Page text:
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Leading for Success

Looking to elevate your leadership skills? Action Centred Leadership offers a proven framework to become a more effective and well-rounded leader.

Action Centred Leadership is a leadership and management model created by John Adair whilst lecturing at Sandhurst Royal Military Academy in the 1960's and 70's. It is the basis for much of the leadership training delivered by the British Armed Forces today, but despite being conceived in a military context, is entirely applicable to a commercial setting. In fact I've found it the most useful training throughout my career, and continue to regularly refer to one of the many books I own on the subject.

Three Circles

According to action centered leadership, there are three areas of need present in any working group:

  1. To achieve a common objective: The Task
  2. To be held together or to maintain itself as a cohesive unity: The Team
  3. The needs which each individual brings with them into the group: The Individual

One of the most memorable features of the Action Centred Leadership model is the "three circles" diagram represented below. The purpose of this is not only to show the three need areas, but also that they interact with, and to some degree, depend on, each other.


Let's look at each area in turn, and then how they fit together.


The task circle represents all of the ways in which you, as the leader, can help the task to be achieved. In my experience people usually find it quite easy to understand this area as it really comprises all of the things we intuitively think of as the responsibilities of a leader - distribution of work amongst team members, planning, maintaining deadlines, reviewing progress and so on.

The key, I find, in mastering Action Centred Leadership, and standing out as a great leader, is really in recognising that the other two areas both exist, and are equally as important as the task.


A united, connected team with a sense of loyalty to each other and a shared purpose is a safe bet for success. The team circle encompasses all the actions to make this happen, whichder might include facilitating effective communication, encouraging cooperation or even resolving conflict.

In practice this could mean having two people that don't usually work together to collaborate on a project, or particularly for remote teams, hosting a regular 'social' meeting.

It also means not incentivising individualism - you see this often in sales teams, whereby any individuals who meet their target for a particular quarter, or year, get some kind of reward or bonus; This can lead to a 'everyone for themselves' culture. Instead I would suggest it is better to reward the team as a whole, only if everyone meets their targets. In this way, the stronger team members start to help and mentor the weaker ones, benefiting the team as a whole.

It can be easy to think of the success criteria of this area as a team which never disagrees - but that would be dangerous. Rather, it is much better to foster an environment where appropriate challenge is encouraged, and well received by the group. It is important that individuals feel able to voice concerns, and those concerns to be heard, considered, and if appropriate, acted upon.


It would be easy to think of the individual needs as similar to the team needs, but that would be a mistake - akin to not appreciating the difference between equality and equity. Some individuals will naturally require more of your time and effort than others - and they will all require it in different ways. Some people love to be left to work autonomously, whilst others require regular guidance and feedback; some people appreciate being celebrated in public, whilst for others a private chat is more meaningful. Maslow's hierarchy of needs can be useful here.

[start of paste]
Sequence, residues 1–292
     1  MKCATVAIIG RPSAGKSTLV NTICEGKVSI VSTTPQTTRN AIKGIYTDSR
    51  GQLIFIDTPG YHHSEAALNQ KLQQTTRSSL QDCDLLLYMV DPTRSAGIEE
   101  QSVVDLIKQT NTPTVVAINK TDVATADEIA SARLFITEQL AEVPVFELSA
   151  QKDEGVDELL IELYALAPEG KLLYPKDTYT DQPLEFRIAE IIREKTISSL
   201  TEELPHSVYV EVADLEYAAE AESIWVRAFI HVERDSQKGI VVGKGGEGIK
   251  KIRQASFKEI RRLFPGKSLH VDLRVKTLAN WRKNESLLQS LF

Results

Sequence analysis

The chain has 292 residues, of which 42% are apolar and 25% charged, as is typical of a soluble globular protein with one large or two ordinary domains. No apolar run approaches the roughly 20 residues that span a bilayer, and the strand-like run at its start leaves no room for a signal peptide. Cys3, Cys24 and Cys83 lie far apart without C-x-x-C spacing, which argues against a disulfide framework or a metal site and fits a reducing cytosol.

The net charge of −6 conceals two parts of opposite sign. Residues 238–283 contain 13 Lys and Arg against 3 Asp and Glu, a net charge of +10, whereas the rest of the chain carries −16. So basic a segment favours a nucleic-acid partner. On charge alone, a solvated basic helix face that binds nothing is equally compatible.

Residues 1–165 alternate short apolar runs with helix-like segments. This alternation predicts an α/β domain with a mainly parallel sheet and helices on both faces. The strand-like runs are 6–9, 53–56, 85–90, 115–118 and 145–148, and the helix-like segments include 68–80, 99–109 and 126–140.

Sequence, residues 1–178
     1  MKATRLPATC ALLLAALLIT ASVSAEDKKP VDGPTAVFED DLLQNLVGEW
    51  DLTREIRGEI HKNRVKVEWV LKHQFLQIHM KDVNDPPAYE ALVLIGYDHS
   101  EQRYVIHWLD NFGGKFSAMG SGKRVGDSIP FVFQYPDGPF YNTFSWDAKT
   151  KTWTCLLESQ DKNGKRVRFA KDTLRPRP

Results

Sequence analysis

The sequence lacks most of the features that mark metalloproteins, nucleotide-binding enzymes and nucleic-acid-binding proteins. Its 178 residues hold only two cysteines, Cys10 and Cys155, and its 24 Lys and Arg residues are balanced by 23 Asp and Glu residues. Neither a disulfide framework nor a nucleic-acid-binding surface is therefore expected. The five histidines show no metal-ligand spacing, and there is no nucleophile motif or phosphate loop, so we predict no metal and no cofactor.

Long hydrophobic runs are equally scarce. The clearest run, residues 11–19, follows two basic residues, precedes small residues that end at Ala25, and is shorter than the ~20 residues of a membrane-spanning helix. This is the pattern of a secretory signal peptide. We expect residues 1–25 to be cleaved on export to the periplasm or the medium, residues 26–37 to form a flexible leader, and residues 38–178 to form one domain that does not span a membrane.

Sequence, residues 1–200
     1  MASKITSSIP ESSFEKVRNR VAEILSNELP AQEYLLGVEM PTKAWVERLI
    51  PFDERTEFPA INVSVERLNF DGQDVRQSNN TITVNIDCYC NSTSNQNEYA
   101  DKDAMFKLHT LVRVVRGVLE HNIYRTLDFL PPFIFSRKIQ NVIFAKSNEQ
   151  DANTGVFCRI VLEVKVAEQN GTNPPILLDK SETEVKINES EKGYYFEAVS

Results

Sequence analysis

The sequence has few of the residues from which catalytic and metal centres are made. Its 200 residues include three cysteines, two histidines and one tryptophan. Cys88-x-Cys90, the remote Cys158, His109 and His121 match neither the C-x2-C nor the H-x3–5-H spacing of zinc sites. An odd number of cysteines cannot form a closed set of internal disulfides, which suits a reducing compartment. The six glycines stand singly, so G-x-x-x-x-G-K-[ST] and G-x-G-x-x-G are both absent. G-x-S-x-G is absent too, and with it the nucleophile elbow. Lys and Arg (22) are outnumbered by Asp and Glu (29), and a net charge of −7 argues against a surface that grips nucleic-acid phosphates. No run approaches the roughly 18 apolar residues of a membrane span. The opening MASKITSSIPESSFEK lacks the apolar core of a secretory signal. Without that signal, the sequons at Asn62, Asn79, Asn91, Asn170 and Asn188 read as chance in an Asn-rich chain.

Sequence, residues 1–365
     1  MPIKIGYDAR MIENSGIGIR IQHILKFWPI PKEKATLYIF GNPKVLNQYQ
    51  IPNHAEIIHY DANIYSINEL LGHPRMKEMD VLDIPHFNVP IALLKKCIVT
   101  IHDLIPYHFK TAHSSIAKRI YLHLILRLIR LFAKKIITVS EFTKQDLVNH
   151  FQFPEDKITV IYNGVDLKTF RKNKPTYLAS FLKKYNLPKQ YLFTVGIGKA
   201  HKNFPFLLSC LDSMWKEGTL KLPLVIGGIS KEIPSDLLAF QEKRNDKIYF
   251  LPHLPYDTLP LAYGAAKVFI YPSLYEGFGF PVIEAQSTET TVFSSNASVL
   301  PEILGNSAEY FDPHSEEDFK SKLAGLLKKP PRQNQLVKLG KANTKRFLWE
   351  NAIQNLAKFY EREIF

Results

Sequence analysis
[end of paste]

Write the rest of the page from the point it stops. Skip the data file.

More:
This may seem obvious, and perhaps it is, but how often is it really acted upon? Do you, for example, vary the frequency, or duration, of your 1:1 meetings based on the individual team members preference; or consider the manner in which a briefing for a new task is given based on your knowledge of what motivates that person? It's these kinds of actions that will ultimately create highly successful outcomes.

It's A Balancing Act

In Adair's book "Effective Leadership" he explains that the three circles diagram came about to show that the three areas of need are always interacting with, and dependant upon, each other. As a leader you need to be constantly evaluating the needs that fit within each area, and be taking actions to keep them in balance. Think about how a lack of focus in one of the areas would affect the other two.

Not meeting individual needs, for example, can lead to people feeling taken for granted, a loss of motivation and quiet quitting. A lack of focus on team needs, however, can lead to ineffective communication, conflict, and a lack of creativity. In both cases, the consequences of this will affect the needs of the other, and also result in a less effective output for the task. In this way we can see the dependency upon, and tension between the three circles, enphasising the need to keep them in balance.


Action Centred Leadership isn't a rigid formula, but rather a flexible framework. The specific needs of your team, task, and individuals will constantly evolve. The key is to develop your situational awareness and adapt your approach accordingly. By consistently reflecting on the three circles and making adjustments, you'll cultivate a thriving team environment where everyone feels valued and empowered to contribute their best.

In the next part of this series, I'll cover more of the Action Centered Leadership model, and explore practical tools and techniques to assess the needs within each circle. Stay tuned to discover how you can use Action Centred Leadership to supercharge your leadership skills 💪.